Anti-Asian racism has a long history in the United States and often intertwines with misogyny, experts explain.
On March 16, a man went on a shooting rampage at three Atlanta spas, killing eight people, including six Asian women. The killings have sparked outrage and fear in the Asian American community, but the suspect has denied that the killings were racially motivated.
The suspect’s claims and the Cherokee County Sheriff’s Office’s subsequent claims have set off a debate about anti-Asian racism in America.
Too often, people default to a “color-blind” lens that is quick to dismiss the centrality of racism and white supremacy when it comes to understanding horrific acts of violence, according to Ariela Schachter, assistant professor of sociology at Washington University in St. Louis.
To clarify the current state and history of anti-Asian racism and violence in the US, Schacter and Linling Gao-Miles, lecturer of global studies and coordinator of the Asian American studies program, share their perspectives:
The police have said it’s too soon to say whether the killings are racially motivated. Do you agree?
“Recognizing that the victims in this case hold multiple identities—based on their race, ethnicity, gender, occupation, etc.—and, indeed, that they were likely being targeted because of the intersection of these identities, does not minimize the role of anti-Asian racism, but rather helps us recognize its nuances. Racism and white supremacy are often intertwined with misogyny,” Schachter says.
“It’s important to remember that racialization and hypersexualization are entangled in Asian women’s experience with discrimination and racism,” Gao-Miles says. “Historically speaking, Asian women have been both racial objects and sexual objects in the white colonial and racist context. Asian women were imagined as the submissive, passive, and exotic other, and their bodies were fetishized and commodified.
The pandemic and, more specifically, racist rhetoric from political elites has clearly contributed to rising anti-Asian violence and a dramatic increase in hate crimes targeting Asian Americans. The majority of this violence has been reported by women, Schachter says.
“In recent surveys, Asian respondents of all genders were the most likely of any ethnoracial group to report being the subject of racial/ethnic jokes or slurs since the pandemic began. Moreover, 40% of Americans of all races said that during the pandemic it has become more common to hear people express racist views about Asians. This increase in anti-Asian racism and violence is undeniable and unacceptable,” she says.
Racist rhetoric, such as referring to the COVID-19 virus as the “China virus” has only exacerbated the problem. “Unfortunately, there’s a great deal of research demonstrating how much easier it is to encourage these racist stereotypes than to dispel them,” Schachter says.
Are immigrants, in general, at a greater risk for violent acts like this?
“To a certain extent, immigrants are more likely to be victimized,” Gao-Miles says. “Compared to their US-born peers, immigrants are more likely to encounter language and cultural barriers; they are less familiar with US civic and legal systems and, hence, less likely to seek legal protections.”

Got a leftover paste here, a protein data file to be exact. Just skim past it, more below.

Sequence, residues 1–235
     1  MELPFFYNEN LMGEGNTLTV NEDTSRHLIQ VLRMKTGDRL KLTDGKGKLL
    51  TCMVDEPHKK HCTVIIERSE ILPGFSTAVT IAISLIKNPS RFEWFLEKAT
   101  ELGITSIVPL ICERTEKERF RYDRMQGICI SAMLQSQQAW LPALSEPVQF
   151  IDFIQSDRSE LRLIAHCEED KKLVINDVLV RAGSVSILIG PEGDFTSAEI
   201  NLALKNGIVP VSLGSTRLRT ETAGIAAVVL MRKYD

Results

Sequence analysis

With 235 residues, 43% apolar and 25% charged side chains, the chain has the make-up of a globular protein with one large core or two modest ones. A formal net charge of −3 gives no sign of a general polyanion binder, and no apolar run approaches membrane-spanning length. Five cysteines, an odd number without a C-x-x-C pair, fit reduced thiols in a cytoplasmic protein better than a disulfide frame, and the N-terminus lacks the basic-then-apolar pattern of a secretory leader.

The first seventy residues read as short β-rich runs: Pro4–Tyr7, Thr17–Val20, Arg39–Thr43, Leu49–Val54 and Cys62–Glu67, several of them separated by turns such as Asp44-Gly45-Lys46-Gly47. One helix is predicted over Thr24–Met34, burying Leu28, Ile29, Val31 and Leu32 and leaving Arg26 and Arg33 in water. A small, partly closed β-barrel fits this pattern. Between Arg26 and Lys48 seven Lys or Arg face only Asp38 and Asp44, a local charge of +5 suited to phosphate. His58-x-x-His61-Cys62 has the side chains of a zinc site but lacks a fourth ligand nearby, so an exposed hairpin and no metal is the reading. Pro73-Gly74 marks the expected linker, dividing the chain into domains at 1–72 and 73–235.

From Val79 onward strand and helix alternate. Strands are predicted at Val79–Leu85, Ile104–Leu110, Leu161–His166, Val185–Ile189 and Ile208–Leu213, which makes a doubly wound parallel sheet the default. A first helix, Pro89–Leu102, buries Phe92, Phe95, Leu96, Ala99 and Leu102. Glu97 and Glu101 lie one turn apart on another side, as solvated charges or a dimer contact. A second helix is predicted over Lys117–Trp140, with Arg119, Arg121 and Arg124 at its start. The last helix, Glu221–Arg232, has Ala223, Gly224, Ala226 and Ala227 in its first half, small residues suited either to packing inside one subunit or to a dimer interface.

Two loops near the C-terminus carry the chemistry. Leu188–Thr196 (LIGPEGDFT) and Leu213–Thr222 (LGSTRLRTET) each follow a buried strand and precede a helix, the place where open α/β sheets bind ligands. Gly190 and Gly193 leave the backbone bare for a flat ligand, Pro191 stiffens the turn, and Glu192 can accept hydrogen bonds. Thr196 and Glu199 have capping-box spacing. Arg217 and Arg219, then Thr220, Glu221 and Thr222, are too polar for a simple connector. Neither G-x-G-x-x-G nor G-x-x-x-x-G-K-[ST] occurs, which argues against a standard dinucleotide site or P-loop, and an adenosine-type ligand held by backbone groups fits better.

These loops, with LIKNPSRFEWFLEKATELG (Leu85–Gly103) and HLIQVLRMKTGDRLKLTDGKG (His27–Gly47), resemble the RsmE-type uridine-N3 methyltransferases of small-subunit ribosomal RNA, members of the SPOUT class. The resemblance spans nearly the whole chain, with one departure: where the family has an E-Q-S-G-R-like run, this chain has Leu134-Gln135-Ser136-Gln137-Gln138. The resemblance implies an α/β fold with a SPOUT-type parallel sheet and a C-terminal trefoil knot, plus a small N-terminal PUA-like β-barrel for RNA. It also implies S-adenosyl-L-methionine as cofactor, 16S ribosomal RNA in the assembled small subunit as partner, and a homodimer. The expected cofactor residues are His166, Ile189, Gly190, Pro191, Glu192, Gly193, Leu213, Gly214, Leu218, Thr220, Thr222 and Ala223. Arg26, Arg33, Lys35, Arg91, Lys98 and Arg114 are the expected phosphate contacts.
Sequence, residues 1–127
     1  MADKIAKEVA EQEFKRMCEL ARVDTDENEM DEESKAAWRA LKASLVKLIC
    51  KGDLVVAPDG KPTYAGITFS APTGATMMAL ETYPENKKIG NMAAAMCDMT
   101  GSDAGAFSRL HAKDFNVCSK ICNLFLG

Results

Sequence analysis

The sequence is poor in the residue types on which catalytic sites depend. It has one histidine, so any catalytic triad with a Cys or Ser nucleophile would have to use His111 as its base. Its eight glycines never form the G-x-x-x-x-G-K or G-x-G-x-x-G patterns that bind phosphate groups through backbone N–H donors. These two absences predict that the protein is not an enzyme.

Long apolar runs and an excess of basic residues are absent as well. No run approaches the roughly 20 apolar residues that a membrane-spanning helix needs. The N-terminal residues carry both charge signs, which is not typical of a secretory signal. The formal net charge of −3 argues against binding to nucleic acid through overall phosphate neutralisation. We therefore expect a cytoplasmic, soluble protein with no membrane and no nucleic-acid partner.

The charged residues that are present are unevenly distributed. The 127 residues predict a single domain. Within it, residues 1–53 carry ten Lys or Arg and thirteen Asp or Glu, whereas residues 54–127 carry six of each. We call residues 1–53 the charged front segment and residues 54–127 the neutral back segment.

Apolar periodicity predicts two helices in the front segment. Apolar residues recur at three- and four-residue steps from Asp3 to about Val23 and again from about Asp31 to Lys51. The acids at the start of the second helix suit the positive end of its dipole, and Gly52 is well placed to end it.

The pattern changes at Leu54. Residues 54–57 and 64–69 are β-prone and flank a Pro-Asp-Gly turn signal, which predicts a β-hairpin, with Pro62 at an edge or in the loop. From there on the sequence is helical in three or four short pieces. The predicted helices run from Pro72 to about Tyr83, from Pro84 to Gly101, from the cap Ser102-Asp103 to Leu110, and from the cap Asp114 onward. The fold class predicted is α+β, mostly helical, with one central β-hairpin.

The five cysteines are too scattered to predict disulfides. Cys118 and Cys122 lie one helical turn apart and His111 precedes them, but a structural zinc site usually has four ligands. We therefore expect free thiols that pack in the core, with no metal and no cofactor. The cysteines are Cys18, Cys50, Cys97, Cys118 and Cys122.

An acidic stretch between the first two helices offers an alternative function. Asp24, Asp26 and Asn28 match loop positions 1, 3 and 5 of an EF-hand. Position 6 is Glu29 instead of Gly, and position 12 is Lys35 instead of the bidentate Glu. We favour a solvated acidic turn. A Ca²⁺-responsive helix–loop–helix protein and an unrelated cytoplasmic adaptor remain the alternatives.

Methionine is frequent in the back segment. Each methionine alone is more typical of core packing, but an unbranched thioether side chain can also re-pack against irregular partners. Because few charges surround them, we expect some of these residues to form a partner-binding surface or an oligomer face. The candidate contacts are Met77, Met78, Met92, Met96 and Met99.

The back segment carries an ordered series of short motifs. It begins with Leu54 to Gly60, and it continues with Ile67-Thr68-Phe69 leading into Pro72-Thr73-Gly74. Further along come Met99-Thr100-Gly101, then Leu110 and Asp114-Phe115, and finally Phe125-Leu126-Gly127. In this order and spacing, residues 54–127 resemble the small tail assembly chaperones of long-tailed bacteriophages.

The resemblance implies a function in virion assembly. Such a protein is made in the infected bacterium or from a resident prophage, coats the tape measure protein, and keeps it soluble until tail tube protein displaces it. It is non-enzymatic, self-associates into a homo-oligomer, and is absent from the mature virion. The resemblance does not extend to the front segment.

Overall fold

“Immigrants are often the targets of both racism and xenophobia, which can put them at higher risk of violence,” Schachter says. “Immigrants also often do not trust nor feel supported by the police, for good reasons, as in many places local police directly or indirectly collaborate with ICE (Immigration and Customs Enforcement).”
What would you say to someone who thinks this recent tragic event is just a singular act and doesn’t represent a systemic problem?
“While harmful rhetoric falsely blaming Asian Americans for the pandemic has clearly increased anti-Asian racism, it’s important to recognize that this racism is not new. In fact, Asians were one of the first groups to be formally barred—by law—from immigrating to the United States and/or becoming US citizens,” Schachter says.
“Asian women were especially targeted and stereotyped as prostitutes. These bans were not fully removed until the 1965 Immigration and Nationality Act. So this violence and intersectional anti-Asian racism and misogyny is not new; rather, it has been baked into US society and institutions for centuries.”
“I’d also add that more recent, model minority stereotypes which cast Asian Americans as the ‘good’ or ‘successful’ minorities—in implicit or explicit contrast with Black and Latino Americans—are also harmful. For one, they ignore the diversity of Asian American experiences in the United States and the real, unmet needs of these communities. These stereotypes can also serve to divide communities of color and prevent activism and coalition building. And they clearly don’t protect Asian immigrants and Asian Americans from being the targets of racism and white supremacy.”
Gao-Miles adds: “Anti-Asian racism and hate crime have deep historical roots, but the Asian and Asian American community is strong and resilient. As we combat racism of any sort that targets any individual or group, we have to continue the project of enhancing multiethnic coalition and multiracial solidarity.”